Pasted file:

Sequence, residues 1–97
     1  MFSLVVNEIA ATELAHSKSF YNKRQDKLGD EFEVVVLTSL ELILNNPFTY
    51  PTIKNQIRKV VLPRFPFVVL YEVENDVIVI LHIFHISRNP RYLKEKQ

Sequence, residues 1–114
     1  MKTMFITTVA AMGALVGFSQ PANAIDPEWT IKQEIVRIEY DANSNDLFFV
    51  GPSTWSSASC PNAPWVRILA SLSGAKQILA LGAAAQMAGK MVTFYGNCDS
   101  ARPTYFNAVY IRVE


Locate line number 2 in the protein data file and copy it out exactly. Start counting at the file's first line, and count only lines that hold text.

     1  MFSLVVNEIA ATELAHSKSF YNKRQDKLGD EFEVVVLTSL ELILNNPFTY